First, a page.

Berberian, Cathy (actually, Catherine)

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Berberian, Cathy (actually, Catherine)

Berberian, Cathy (actually, Catherine), versatile American mezzo-soprano; b. Attleboro, Mass., July 4, 1925; d. Rome, March 6, 1983. She studied singing, dancing, and the art of pantomime; took courses at Columbia Univ. and N.Y. Univ.; then studied voice in Milan with Giorgina del Vigo. In 1957 she made her debut in a concert in Naples; attracted wide attention in 1958, when she performed John Cage’s Fontana Mix, which demanded a fantastic variety of sound effects. Her vocal range extended to three octaves, causing one bewildered music critic to remark that she could sing both Tristan and Isolde. Thanks to her uncanny ability to produce ultrahuman (and subhuman) tones, and her willingness to incorporate into her professional vocalization a variety of animal noises, guttural sounds, grunts and growls, squeals, squeaks and squawks, clicks and clucks, shrieks and screeches, hisses, hoots, and hollers, she instantly became the darling of inventive composers of the avant-garde, who eagerly dedicated to her their otherwise unperformable works. She married one of them, Luciano Berio , in 1950, but their marriage was dissolved in 1964. She could also intone classical music. Shortly before her death, she sang her own version of the Internationale for an Italian television program commemorating the centennial of the death of Karl Marx (1983). She was an avant-garde composer in her own right; she wrote multimedia works, such as Stripsody, an arresting soliloquy of labial and laryngeal sounds, and an eponymously titled piano piece, Morsicat(h)y. Her integrity as a performer is reflected in her life-long insistance that her objective was always to meet the challenge of the new art of her time.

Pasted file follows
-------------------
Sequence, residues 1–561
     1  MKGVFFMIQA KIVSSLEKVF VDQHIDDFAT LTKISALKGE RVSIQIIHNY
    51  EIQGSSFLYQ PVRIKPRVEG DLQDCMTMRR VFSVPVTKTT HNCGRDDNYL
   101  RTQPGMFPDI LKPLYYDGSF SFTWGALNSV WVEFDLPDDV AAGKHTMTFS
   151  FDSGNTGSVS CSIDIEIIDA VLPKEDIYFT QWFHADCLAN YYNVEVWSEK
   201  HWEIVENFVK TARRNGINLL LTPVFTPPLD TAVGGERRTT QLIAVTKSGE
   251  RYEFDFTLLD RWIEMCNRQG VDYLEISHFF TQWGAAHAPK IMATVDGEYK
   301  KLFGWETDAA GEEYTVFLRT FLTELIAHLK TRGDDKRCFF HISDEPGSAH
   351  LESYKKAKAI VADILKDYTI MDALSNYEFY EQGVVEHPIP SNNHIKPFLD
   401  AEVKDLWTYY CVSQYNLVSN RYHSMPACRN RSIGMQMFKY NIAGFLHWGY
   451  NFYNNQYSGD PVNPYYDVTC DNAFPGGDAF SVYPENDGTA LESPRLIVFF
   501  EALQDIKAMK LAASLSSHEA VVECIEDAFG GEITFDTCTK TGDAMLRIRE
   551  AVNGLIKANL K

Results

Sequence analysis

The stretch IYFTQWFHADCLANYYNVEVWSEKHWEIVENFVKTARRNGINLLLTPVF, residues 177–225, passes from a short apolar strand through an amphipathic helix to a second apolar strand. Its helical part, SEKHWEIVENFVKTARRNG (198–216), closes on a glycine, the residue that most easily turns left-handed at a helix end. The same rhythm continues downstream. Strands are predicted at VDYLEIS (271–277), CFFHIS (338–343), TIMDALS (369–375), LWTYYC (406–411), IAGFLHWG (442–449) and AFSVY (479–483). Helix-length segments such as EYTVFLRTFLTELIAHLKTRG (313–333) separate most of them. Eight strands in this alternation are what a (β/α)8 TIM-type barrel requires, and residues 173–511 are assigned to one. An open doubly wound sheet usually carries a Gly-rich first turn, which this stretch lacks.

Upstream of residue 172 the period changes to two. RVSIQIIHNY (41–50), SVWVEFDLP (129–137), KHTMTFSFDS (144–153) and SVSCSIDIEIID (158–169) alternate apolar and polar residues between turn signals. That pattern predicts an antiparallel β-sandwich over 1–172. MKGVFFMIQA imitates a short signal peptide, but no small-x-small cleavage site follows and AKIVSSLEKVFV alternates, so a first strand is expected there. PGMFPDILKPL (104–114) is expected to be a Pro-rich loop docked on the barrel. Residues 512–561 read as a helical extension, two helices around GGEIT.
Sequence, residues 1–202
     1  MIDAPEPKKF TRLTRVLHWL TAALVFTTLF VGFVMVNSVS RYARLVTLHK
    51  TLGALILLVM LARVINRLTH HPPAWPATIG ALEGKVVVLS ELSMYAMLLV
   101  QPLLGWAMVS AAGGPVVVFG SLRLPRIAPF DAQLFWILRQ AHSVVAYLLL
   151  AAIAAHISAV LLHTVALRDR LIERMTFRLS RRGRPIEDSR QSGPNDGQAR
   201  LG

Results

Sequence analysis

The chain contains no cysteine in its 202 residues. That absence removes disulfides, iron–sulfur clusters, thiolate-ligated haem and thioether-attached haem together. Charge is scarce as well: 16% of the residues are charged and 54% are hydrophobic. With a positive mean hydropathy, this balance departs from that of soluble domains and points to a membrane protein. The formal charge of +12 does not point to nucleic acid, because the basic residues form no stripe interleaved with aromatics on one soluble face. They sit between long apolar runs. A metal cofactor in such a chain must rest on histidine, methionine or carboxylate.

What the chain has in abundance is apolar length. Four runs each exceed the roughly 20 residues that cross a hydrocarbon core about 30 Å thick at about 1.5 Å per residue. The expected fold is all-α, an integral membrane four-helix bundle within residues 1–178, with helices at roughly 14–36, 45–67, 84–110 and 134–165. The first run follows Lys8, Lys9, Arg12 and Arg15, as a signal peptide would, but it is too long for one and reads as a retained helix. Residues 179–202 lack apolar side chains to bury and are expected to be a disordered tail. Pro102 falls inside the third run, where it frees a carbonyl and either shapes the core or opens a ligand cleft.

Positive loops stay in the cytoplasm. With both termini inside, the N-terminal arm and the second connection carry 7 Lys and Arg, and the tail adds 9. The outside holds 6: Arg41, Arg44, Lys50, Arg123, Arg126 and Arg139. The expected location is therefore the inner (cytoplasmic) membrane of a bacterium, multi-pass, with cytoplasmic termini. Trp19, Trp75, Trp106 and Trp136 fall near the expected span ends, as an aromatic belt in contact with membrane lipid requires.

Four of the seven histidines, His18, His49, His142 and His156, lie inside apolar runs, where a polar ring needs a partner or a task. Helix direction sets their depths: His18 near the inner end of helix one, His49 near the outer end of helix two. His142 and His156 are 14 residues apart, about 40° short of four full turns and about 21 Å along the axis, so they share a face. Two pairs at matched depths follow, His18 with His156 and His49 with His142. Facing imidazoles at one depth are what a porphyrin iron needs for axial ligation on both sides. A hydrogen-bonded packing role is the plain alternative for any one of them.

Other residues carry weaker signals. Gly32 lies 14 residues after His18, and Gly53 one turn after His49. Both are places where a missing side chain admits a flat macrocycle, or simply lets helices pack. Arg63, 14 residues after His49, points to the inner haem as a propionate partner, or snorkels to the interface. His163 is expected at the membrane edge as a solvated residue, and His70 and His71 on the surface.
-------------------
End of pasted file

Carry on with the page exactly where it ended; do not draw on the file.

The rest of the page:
—Nicolas Slonimsky/Laura Kuhn/Dennis McIntire

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Berberian, Cathy (actually, Catherine)

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